My purpose is to write about the handling of animals. That includes bison, cattle horses, hogs and sheep.
In order to explain animal handling here, I believe I need to put animal welfare into context. Context means a shared understanding of animal nature.
To make this manageable for me and hopefully palatable for you, I will divide this topic into segments of around 1000 words.
Actual research or scholarly teaching on the topics of animal behavior, animal social relationships or animal welfare is scarce. Especially sparse relating to farm livestock. The information that exists is mostly about efforts to limit cruel behavior. That information focuses on humane slaughter.
Most of the written information is about horses. Probably because horses fill a dual role. In the US, they are both livestock and pets.
Good farmers and animal handlers have for thousands of years acquired and used the knowledge necessary for the welfare of their animals. Today, automation and the economies of scale are separating farmers from animals.When that happens, the animals fall to the level of biological units on an asset list. In that situation, only the short term physical needs of the animals are considered.
Livestock are different from pets.
The definitions of those words, “livestock” and “pets” are somewhat vague and ambiguous.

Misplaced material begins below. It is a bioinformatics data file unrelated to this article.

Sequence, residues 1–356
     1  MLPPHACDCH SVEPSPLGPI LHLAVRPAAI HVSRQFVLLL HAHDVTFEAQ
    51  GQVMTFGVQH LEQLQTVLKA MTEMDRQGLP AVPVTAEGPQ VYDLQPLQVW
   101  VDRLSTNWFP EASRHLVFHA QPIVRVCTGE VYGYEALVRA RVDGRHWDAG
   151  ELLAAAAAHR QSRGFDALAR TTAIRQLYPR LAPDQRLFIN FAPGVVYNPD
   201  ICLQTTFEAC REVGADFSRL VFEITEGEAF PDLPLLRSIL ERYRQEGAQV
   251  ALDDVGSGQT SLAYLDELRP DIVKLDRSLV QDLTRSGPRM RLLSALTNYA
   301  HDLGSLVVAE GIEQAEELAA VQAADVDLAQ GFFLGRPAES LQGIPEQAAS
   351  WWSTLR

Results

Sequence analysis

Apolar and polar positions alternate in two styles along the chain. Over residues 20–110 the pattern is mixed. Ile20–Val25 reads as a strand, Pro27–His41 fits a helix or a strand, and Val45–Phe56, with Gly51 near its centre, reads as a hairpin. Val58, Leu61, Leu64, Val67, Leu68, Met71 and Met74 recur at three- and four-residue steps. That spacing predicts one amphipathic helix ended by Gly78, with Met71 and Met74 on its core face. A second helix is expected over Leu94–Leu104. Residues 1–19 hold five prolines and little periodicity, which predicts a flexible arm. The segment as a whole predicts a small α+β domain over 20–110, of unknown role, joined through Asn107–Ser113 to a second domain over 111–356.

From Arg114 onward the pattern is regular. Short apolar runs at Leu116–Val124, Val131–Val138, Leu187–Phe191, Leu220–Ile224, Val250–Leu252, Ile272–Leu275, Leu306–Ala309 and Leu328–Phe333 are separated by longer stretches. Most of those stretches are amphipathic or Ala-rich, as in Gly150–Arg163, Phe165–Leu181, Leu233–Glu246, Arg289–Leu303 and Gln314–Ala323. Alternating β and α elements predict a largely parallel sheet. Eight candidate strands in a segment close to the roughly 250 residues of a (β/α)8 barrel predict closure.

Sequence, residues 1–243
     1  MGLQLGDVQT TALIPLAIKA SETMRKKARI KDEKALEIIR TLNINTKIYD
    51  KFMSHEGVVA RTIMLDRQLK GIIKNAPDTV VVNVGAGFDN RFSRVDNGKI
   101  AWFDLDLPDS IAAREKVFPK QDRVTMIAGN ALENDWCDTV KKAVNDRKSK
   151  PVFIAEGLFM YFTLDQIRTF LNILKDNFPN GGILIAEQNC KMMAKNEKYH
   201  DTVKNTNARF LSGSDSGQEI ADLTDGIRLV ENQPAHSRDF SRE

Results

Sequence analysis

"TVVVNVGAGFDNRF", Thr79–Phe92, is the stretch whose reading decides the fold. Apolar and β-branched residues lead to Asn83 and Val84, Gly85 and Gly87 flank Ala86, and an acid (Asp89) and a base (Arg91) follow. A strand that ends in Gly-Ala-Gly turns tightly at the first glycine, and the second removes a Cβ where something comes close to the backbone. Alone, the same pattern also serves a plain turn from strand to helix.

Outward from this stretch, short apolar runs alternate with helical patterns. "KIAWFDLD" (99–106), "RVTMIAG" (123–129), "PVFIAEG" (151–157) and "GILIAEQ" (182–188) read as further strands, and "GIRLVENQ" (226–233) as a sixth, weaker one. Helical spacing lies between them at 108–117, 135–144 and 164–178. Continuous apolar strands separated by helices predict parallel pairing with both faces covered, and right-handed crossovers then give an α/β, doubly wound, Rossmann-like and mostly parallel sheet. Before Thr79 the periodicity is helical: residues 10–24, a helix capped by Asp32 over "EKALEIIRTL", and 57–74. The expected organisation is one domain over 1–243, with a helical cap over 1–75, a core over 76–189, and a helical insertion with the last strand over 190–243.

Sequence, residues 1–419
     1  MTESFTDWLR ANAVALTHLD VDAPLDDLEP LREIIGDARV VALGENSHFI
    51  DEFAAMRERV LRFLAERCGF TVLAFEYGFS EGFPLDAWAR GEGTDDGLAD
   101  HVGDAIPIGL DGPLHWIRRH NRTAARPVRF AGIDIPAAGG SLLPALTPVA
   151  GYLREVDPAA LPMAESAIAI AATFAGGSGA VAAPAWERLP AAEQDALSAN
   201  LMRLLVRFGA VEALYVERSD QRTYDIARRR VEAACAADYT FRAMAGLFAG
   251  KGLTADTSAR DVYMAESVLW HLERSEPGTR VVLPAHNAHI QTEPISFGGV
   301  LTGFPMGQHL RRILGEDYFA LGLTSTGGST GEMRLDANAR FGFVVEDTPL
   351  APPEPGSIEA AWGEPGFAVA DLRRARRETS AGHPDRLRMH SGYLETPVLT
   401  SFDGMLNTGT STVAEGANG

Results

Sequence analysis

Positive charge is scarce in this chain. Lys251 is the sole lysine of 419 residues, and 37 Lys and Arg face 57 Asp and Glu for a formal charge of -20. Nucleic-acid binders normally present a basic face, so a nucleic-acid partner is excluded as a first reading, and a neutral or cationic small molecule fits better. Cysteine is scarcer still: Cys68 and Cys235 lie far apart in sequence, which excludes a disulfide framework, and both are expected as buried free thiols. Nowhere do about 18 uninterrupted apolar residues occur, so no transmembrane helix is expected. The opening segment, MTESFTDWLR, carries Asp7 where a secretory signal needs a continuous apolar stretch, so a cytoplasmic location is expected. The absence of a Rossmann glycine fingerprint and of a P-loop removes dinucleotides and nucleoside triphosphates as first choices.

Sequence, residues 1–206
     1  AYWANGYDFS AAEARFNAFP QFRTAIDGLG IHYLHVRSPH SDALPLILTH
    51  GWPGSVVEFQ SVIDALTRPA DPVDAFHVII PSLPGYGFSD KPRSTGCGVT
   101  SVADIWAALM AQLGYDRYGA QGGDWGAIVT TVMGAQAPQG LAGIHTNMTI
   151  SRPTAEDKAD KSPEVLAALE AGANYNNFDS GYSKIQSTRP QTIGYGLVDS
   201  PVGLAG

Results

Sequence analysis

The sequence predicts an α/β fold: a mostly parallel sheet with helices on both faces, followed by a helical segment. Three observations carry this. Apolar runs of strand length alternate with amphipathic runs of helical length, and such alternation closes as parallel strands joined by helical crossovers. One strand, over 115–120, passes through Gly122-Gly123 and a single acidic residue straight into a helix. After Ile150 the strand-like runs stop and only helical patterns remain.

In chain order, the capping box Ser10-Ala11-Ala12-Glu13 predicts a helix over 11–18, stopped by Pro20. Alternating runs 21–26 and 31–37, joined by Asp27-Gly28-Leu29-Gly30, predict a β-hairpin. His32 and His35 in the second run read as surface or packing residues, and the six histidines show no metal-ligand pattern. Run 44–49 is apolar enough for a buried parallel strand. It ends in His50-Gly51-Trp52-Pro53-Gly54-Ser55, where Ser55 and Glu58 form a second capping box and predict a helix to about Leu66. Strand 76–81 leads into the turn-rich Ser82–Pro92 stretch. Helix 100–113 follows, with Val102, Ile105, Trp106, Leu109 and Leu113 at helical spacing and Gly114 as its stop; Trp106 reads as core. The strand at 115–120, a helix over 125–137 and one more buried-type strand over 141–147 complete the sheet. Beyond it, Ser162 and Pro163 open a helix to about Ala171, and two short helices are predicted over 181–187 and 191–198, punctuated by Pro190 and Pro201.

Livestock are farm animals, raised and kept for food or work needs.
Pets are animals that provide companionship to humans.
In general, livestock satisfy physical needs of humans; pets satisfy psychological needs of humans.
Both livestock and pets are “domesticated.”
In this article, bison, even though not domesticated are considered livestock.
The exceptions to the definitions I have given above are numerous.
In the first draft of this section, I wrote, “in the context of this farm all five are livestock.” Gail pointed out that is not correct.
I like to think I treat all of our livestock with equal respect.
That is not true.
Animals die unexpectedly on every farm. When a cow, hog or chicken dies on this farm, I compost the carcass or recycle it to the wildlife.
If a horse dies, I dig a deep hole in the savanna. I bury it as I have buried all our dead horses for 40 years.
Our horses are treated as livestock when living but pets when they die.
We all care about animal welfare.
On the list of goals for our farm, animal welfare is the top value.
There are different viewpoints on how to achieve high animal welfare.
I believe people think about the nature of animals incorrectly.
We tend to think that animals perceive the world as we experience it, just less so.
That is incorrect. Animal senses, animal brains are much different from ours.
We think that animal social needs are similar to ours. There are similarities but the differences are vast.
We tend to think of “human nature” and “animal nature” as if all animals can be lumped.
They cannot. The social structure of pigs is as different from that of horses, as horses are different from us.
Each species must be understood and managed according to its nature.
Overview of Animal Group Structure.
All animals have a social life. Understanding their social needs is crucial to providing a low stress (high welfare) environment for them.
There is little research or study into the social needs of farm animals.
The five species I will write about, bison, horse, cattle, hogs and sheep are all considered herd animals. The definition for herd is very broad. It is so broad that I think it makes better sense to describe these as “social” animals.